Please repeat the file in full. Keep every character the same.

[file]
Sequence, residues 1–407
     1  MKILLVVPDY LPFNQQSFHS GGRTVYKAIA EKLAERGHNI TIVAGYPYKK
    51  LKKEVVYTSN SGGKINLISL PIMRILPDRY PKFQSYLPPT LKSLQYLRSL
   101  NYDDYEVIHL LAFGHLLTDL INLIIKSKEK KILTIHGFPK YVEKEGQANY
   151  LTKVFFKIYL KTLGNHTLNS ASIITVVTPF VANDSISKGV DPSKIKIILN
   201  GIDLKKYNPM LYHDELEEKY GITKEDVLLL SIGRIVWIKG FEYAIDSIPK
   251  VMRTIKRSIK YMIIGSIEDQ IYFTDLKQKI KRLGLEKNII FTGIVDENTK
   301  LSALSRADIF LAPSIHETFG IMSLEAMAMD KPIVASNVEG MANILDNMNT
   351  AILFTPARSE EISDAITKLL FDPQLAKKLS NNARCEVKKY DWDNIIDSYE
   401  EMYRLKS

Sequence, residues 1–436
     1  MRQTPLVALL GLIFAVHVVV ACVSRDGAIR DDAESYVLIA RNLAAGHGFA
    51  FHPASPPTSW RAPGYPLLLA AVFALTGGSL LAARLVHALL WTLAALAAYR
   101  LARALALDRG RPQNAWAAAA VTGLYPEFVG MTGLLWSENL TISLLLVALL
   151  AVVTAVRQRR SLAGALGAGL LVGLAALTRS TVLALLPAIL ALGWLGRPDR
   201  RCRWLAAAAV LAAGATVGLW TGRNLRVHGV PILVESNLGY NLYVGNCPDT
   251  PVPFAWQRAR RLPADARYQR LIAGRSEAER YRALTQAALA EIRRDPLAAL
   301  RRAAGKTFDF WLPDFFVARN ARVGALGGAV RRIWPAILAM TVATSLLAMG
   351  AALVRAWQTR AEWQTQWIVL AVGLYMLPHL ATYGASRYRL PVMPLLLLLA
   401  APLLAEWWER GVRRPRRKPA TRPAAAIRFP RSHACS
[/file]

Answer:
Sequence, residues 1–407
     1  MKILLVVPDY LPFNQQSFHS GGRTVYKAIA EKLAERGHNI TIVAGYPYKK
    51  LKKEVVYTSN SGGKINLISL PIMRILPDRY PKFQSYLPPT LKSLQYLRSL
   101  NYDDYEVIHL LAFGHLLTDL INLIIKSKEK KILTIHGFPK YVEKEGQANY
   151  LTKVFFKIYL KTLGNHTLNS ASIITVVTPF VANDSISKGV DPSKIKIILN
   201  GIDLKKYNPM LYHDELEEKY GITKEDVLLL SIGRIVWIKG FEYAIDSIPK
   251  VMRTIKRSIK YMIIGSIEDQ IYFTDLKQKI KRLGLEKNII FTGIVDENTK
   301  LSALSRADIF LAPSIHETFG IMSLEAMAMD KPIVASNVEG MANILDNMNT
   351  AILFTPARSE EISDAITKLL FDPQLAKKLS NNARCEVKKY DWDNIIDSYE
   401  EMYRLKS

Sequence, residues 1–436
     1  MRQTPLVALL GLIFAVHVVV ACVSRDGAIR DDAESYVLIA RNLAAGHGFA
    51  FHPASPPTSW RAPGYPLLLA AVFALTGGSL LAARLVHALL WTLAALAAYR
   101  LARALALDRG RPQNAWAAAA VTGLYPEFVG MTGLLWSENL TISLLLVALL
   151  AVVTAVRQRR SLAGALGAGL LVGLAALTRS TVLALLPAIL ALGWLGRPDR
   201  RCRWLAAAAV LAAGATVGLW TGRNLRVHGV PILVESNLGY NLYVGNCPDT
   251  PVPFAWQRAR RLPADARYQR LIAGRSEAER YRALTQAALA EIRRDPLAAL
   301  RRAAGKTFDF WLPDFFVARN ARVGALGGAV RRIWPAILAM TVATSLLAMG
   351  AALVRAWQTR AEWQTQWIVL AVGLYMLPHL ATYGASRYRL PVMPLLLLLA
   401  APLLAEWWER GVRRPRRKPA TRPAAAIRFP RSHACS